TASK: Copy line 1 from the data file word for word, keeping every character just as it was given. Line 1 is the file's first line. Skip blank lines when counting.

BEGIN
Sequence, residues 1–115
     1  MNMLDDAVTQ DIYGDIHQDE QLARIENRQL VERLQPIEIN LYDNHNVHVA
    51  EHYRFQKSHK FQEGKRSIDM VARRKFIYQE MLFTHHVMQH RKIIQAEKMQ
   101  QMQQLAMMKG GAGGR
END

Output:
Sequence, residues 1–115